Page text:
Key Islamic State Leader Killed in SyriaSeptember 1, 2016 in Islamic State
The so-called Islamic State (IS) group confirmed on 30 August that one of its most prominent and longest-serving leaders, Abu Muhammad al-Adnani, was killed in what appears to be an American air strike in Syria, effectively depriving the militant group of the man in charge of directing attacks overseas.
IS’ Amaq News Agency has reported that Adnani was killed “while surveying the operations to repel the military campaigns against Aleppo.” While IS holds territory in the province of Aleppo, it does not control the city, where rebels are fighting Syrian government forces. Amaq did not say how Adnani, born Taha Subhi Falaha in Syria’s Idlib Province in 1977, was killed, however it did publish a eulogy dated 29 August. A US defense official has also disclosed that the United States targeted Adnani in a Tuesday strike on a vehicle that was travelling in the Syrian town of al-Bab. The official however stopped short of confirming Adnani’s death. Such US assessments usually take several days to confirm and often lag behind official announcements made by militant groups.
Adnani was one of the last living senior members of IS, along with self-appointed caliph Abu Bakr al-Baghdadi, who founded the group, which would later go on to seize huge parts of Iraq and Syria in 2014. He was a Syrian from Binish in Idlib, southwest of Aleppo, who pledged allegiance to IS’ predecessor, al-Qaeda, more than a decade ago. He was once imprisoned by US forces in Iraq. He was from a well-to-do background however he left Syria to travel to Iraq in order to fight US forces there after the 2003 invasion. He returned to his homeland after the start of its own civil war in 2011. According to the Brookings Institution, he once taught theology and law in jihadi training camps. He had been the chief propagandist for IS since he declared in a June 2014 statement that it was establishing a modern-day caliphate spanning swaths of territory that it had seized in Iraq and neighbouring Syria. As IS’ spokesman, Adnani was its most visible member, often being the face of the militant group, such as when he issued a message in May urging attacks on the US and Europe during the holy month of Ramadan and as in September 2014, when he called on supporters to kill Westerners throughout the world. As the group’s head of external operations, he was in charge of attacks overseas, including in Europe, which this year have become an increasingly important tactic for the group as its core Iraqi and Syrian territory has ben eroded by military losses. Under Adnani’s auspices, IS launched large-scale attacks, bombings and shootings on civilians in countries outside its core area of operations, including France, Belgium and Turkey. According to one US official, Adnani’s roles as propaganda chief and director of external operations had become “indistinguishable” because the group uses its online messages in order to recruit fighters and to provide instruction and inspiration for attacks.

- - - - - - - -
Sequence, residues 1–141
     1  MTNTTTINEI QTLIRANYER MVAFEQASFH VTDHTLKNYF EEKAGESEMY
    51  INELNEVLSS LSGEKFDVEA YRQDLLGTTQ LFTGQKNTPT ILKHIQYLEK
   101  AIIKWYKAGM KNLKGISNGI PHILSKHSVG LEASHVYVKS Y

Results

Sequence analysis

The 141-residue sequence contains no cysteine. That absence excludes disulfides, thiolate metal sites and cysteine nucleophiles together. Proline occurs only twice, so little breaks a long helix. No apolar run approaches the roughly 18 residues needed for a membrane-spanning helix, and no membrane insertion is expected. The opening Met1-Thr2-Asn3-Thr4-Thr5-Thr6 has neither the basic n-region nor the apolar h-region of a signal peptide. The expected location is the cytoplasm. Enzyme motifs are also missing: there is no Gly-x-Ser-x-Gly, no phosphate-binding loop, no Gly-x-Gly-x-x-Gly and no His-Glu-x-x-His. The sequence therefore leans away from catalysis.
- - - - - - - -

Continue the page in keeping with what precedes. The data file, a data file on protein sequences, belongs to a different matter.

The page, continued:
According to SITE Intelligence monitoring group, which monitors jihadist activity online, a statement in the group’s al-Naba newspaper has indicated that the group reacted by stated that his death would not harm it and that his killers would face “torment,” adding “today, they rejoice for the killing…and then they will cry much when Allah will overpower them, with His permission, with affliction of the worst torment by the soldiers of Abu Muhammad and his brothers.” A US counter-terrorism official, who monitors IS, has disclosed that Adnani’s death will hurt the militants “in the area that increasingly concerns us as the group loses more and more of its caliphate and its financial base…and turns to mounting and inspiring more attacks in Europe, Southeast Asia and elsewhere.”
On the ground, advances by Iraq’s army and allied milita towards IS’ most important possession in the country, Mosul, have put the group under new pressure at a time when a US-backed coalition has cut its Syrian holdings off from the Turkish border. These setbacks have also been due to air strikes, which have killed a number of the group’s leaders and which have undermined its organizational ability and dampened its morale.
Amongst senior IS officials killed in air strikes this year are Abu Ali al-Anbari, Baghdadis’ formal deputy, and the group’s “minister of war,” Abu Omar al-Shishani.